Similar measures will be introduced in Scotland from 1 April 2015 at the latest. It is important to note that the proposed regulations to implement the provisions of the Energy Act have not yet been published for consultation. Accordingly, there is still some uncertainty as to the exact content of the specified measures, including the energy rating that properties will need to achieve. However, the Government has indicated that this is likely to be an E rating.

In anticipation of these changes charities are advised to review their property portfolios in order to identify properties that may become unmarketable in the future and plan any necessary energy efficiency improvements.

On a similar note, recent legislation has brought a number of changes to the current Energy Performance Certificate (EPC) regime in England and Wales. Since 6 April 2014:

  • the asset rating appearing on an EPC has been substituted with the 'Energy Performance Indicator', which is expressed on a scale of A+ to G (or A to G in the case of residential properties). G represents the least energy efficient rating;
  • the fees for registering EPCs on the Landmark Register have been reduced and they now stand at £1.30 for EPCs relating to residential properties and £9.73 for EPCs relating to commercial properties; and
  • a breach of the duty to include the Energy Performance Indicator of a building in any advertisement of the sale or rental of the building in commercial media attracts a £200 penalty.

To avoid these unwelcome fines, charitable organisations involved in the marketing for sale or rent of a building should take care when preparing an advert.

Conflicts of Interest: Are you doing enough?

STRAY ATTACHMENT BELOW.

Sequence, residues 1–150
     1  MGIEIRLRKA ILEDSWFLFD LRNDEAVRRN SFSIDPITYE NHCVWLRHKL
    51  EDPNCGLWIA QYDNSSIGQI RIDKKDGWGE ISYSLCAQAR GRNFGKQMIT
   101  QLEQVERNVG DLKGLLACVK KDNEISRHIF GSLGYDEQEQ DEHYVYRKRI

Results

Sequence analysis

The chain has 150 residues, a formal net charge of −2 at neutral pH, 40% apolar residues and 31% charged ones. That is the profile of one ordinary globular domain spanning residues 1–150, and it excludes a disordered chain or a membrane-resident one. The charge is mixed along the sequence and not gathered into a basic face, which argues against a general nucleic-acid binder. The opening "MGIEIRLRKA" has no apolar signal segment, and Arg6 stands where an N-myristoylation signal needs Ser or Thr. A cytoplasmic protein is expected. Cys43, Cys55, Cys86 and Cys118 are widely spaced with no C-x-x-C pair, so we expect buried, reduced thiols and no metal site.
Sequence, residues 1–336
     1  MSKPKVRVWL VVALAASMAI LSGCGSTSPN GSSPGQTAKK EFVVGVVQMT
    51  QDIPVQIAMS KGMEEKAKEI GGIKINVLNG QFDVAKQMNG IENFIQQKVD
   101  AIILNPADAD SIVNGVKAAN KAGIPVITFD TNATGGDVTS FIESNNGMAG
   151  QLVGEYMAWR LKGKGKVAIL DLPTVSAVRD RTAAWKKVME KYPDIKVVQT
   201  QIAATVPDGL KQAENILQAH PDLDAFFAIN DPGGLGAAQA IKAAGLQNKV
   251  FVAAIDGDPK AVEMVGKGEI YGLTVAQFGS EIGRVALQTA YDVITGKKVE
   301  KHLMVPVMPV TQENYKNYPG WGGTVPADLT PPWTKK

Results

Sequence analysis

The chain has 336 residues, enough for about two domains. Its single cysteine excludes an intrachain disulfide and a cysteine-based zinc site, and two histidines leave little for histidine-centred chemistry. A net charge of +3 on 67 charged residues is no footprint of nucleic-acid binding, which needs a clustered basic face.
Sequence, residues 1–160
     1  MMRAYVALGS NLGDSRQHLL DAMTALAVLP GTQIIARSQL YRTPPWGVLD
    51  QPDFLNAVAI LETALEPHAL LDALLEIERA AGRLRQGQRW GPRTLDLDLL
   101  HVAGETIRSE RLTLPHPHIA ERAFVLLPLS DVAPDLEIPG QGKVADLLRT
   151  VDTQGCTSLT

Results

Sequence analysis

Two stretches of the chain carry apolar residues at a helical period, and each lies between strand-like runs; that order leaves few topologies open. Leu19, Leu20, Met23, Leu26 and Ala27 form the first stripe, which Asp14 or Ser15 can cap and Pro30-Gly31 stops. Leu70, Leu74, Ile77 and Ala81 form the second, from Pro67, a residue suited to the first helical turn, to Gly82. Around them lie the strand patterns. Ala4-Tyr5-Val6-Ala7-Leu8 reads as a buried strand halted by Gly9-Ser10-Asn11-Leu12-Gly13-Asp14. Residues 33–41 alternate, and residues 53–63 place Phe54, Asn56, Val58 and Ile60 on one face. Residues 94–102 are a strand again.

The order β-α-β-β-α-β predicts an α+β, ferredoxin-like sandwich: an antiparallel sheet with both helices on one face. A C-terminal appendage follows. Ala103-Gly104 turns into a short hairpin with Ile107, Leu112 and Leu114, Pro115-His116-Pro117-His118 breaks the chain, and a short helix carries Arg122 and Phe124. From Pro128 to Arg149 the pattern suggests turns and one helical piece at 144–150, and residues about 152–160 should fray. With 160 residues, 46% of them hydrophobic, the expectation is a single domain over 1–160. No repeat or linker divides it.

Earlier this year, the Charity Commission produced new guidance on conflicts of interest.

Trustees of charities have a legal duty to avoid conflicts of interest.

At the Charity Law Association conference this year, the head of legal at the Charity Commission said that conflicts of interest were on the Commission’s radar. In his view, charities had moved too far away from conflict of interest avoidance, to conflict of interest management. There was a failure amongst many charities to recognise that, in some circumstances, it will be impossible to manage conflicts of interest

Managing conflicts of interest is not only important for the charity and in protecting its reputation, it is also important for the individual concerned. A trustee who does not fulfil their duties in this respect will be in breach of trust and may be personally liable.

Charities should therefore be:

  • urging their trustees to read the Commission’s guidance on conflicts of interest;
  • reviewing their conflict of interest policy to ensure it is fit for purpose;
  • reviewing their governing document to ensure that conflict of interest authorisation and management processes are sufficient;
  • taking steps to identify conflicts of interest and being active in their approach to conflict management – when is a conflict too great that it becomes a barrier to a trustee acting;
  • careful in the way in which they record how conflicts of interest are managed and ensuring that they meet legal requirements.